Students at the University of Southern California wept with the parents of Wu Ying and Qu Ming when photographs of the two - showing them standing with friends in front of the Golden Gate Bridge, and making dumplings - appeared on the huge screen in the Shrine Auditorium.
The memorial service in Los Angeles for Wu and Qu, who were fatally shot one week ago, was held on Wednesday evening.
Ye Jing, a graduate student at USC and Wu's best friend, said she couldn't believe that tragedy had befallen the young woman who had "the same white skirt, pink wallet and blue coat" that she had.
"We just bought strawberries for dinner together a couple of days ago when we decided on weight control," Ye said.
The two girls also decided to take the same classes this semester. "Before our projects' due dates, we bought a lot of snacks and worked the whole night," she said. "And, after we turned in our homework, we would get relaxed and go to eat."
Wu was called "a seed planted in the library" by her classmates. She liked reading and sometimes would say, "How can one not understand history?" When friends asked Wu what they could bring her from China, her answer would always be "books".
Wu had bought a ticket to fly back to China on May 14. "She told me she would go to a wedding for the first time in her life," Ye recalled. "And she said she'd cook for her parents as she never did before."
Wu learned computer programming on her own and dreamed of becoming an "IT super woman" and having her own company. "Some classmates and I told her we'd work for her and depend on her for the rest of our lives," Ye said.
"I'll live strong and be happy, which is what you wanted us to do," Ye told her best friend during the memorial service for Wu and Qu.
Qu's best friend, Yang Biao, said they'd known each other for six years, from the same dorm in Beihang University, in Beijing.
Qu spent his childhood in the countryside and didn't know football and basketball until middle school, so he didn't play well. "When there was a game, Qu would choose to stay away and watch," Yang recalled. "He said he didn't want to make our team look bad. He didn't know that nobody really cared about winning. The most important thing is that we stayed and played together."
During their junior year of college, Qu and Yang started preparing for the GRE (Graduate Record Examinations) test in order to study in the United States. "Those days, what we talked most about was the future."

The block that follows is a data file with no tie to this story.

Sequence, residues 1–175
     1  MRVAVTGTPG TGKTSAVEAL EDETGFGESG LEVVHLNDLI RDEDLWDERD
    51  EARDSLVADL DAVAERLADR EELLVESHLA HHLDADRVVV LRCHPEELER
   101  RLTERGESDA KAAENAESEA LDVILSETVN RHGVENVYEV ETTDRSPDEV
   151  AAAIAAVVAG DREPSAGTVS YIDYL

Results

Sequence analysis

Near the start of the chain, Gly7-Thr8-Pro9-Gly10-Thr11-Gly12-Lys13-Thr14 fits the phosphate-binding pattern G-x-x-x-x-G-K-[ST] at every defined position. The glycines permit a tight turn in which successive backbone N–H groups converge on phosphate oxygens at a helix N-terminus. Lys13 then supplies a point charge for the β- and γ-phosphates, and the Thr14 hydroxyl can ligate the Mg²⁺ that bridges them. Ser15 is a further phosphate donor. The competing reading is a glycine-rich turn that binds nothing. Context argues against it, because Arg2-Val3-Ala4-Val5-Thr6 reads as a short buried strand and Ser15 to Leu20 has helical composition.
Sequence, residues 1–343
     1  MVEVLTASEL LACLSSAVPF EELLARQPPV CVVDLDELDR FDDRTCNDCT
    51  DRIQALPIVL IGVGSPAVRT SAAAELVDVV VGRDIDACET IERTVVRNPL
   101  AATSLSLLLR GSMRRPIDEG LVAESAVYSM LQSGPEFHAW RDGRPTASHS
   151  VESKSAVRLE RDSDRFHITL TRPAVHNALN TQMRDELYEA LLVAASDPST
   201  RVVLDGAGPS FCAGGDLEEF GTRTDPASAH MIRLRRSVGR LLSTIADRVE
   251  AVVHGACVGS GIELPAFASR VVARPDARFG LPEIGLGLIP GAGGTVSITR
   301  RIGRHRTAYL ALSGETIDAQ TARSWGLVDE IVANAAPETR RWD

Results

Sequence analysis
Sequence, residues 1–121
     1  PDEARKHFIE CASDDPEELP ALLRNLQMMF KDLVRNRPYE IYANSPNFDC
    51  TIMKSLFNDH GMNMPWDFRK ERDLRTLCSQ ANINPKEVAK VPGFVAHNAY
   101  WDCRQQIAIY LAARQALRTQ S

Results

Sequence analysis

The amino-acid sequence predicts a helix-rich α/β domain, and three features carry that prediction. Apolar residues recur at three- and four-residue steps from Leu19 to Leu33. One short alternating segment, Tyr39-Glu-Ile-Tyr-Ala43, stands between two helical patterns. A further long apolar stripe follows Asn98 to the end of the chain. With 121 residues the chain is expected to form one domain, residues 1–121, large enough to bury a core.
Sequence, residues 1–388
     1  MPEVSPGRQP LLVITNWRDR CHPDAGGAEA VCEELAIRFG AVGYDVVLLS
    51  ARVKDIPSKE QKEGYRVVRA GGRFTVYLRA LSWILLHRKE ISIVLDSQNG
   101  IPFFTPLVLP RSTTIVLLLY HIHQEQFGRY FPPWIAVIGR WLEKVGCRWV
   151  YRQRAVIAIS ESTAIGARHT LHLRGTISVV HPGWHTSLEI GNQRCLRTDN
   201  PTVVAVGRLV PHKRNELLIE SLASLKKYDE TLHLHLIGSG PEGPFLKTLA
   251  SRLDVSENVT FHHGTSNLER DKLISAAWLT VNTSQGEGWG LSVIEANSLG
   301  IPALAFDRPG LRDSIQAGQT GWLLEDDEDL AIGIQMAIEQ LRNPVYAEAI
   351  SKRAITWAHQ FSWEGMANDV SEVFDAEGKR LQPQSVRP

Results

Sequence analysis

Qu went to USC and Yang stayed at Beihang University for a master's degree after graduating from college. "He often told me what a good place USC was and persuaded me to take the GRE test again," Yang said.
"But the GRE test in China was full," Yang recalled. So Qu accompanied him to take the test in the Philippines. Yang was finally admitted by USC, and the two became roommates again.
"He always said it wasn't easy for our parents to make money. We should save whenever we could," Yang said. "We truly felt our living condition was good enough." However, Qu's parents cried out when they came to see the room that Qu lived in.
Yang remembered that Qu talked with his parents through the Internet every couple days. "He wanted to find a job, and he said he never bought something for his parents." Yang promised to take care of Qu's parents for him.
Like thousands of students from China, including Wu and Qu, C.L. Max Nikias, president of the university, and Yannis Yortsos, dean of the Viterbi School of Engineering, came to the US as foreign students three decades ago.
"We dreamed of making a difference" through the abundant opportunities that the United States provided, said Yortsos.
The university has decided to set up a memorial scholarship fund in Wu's and Qu's names, to sponsor two Chinese students to study at USC every year, according to Nikias.
Consul General of China in Los Angeles Qiu Shaofang said at the memorial service that the Consulate General, Los Angeles Police Department and USC have been working together closely since the tragedy. Qiu said "every life is precious" and urged the police to crack the case as soon as possible. No arrests have been made in the shooting case.
Wang Weinan, president of the Chinese Students and Scholars Association of USC, said Chinese students were united after the shooting in an unprecedented way. "All wanted to help," he said. "We'd like to comfort and take care of the parents of Wu and Qu."